My point is this: after all I've experienced, all I've learned, there are certain pieces of our personality that will never change. And that sums me up pretty well. I put myself in tough situations, I challenge myself to adjust, to change, to become a better person. But there are certain parts of me that are simply me.

That's Michael.

Wednesday, May 07, 2008

Life these days

I just finished my second semester of school. Life is good. The end of the semester came and went without causing too much damage or taking from me too many hours of sleep. There were days that schoolwork pressure tightened the knot behind my left shoulder, but all in all i maintained equanimity, I maintained the perspective that my feelings of stress or nervousness about achievement versus failure were normal, expectable feelings that one in my position might feel. The knot has faded considerably in the last four or five days. I handed in my last final on Thursday night at proceeded directly to a friend's house, kicking off a 10-day period in which the goal is simply to feel as though i am truly "on vacation". Jordan and I went canoeing the following day, after a Parisian lunch on the pedestrian mall in Georgetown---only 8 blocks from school and work, yet a world away. The weekend and days since have been filled with sports and outdoor fun, happy hours and long, drawn-out baths. I even went "on vacation" to my parents' house for a night.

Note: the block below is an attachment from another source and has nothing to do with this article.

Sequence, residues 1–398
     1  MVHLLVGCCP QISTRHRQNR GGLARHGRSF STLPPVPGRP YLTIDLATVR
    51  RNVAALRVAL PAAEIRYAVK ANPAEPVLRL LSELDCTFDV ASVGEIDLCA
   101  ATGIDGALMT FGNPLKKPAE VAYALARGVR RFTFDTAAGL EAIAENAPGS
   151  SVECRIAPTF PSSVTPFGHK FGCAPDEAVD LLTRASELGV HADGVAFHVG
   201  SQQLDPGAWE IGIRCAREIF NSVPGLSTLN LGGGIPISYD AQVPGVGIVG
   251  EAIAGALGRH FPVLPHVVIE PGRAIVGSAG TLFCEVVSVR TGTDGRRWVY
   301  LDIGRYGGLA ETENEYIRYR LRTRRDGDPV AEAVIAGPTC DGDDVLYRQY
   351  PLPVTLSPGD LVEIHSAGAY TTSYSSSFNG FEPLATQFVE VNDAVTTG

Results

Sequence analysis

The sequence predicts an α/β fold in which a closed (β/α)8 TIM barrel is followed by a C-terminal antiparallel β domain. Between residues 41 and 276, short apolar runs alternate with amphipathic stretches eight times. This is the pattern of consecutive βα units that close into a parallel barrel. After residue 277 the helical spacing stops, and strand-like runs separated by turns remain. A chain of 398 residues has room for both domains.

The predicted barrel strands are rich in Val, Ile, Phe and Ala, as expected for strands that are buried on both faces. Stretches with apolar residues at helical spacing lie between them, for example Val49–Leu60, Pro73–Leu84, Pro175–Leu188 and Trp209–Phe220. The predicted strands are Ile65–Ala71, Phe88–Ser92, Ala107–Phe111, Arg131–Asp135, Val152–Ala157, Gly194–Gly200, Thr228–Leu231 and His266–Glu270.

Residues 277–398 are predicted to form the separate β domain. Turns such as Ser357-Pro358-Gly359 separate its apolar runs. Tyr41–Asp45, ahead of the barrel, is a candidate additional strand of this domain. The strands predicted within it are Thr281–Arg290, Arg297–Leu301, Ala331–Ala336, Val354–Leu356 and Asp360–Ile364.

School was good. The Rorschach is some crazy stuff. There were times when i worshiped it and times when i cursed it; in the end i feel: that test sure does show a lot about an individual. It has also shown me a lot about myself. I've learned what aspects of my mental/emotional state are most distressing and what proverbial cliffs i would be most likely to fall off of.
School, and the mode of thought that accompanies the psychodynamic learning environment, in combination with psychotherapy, has been a source of intensity in my life, providing me new depths of self-understanding. Sometimes it is confusing, sometimes it solves all confusion. in general it is enlightening.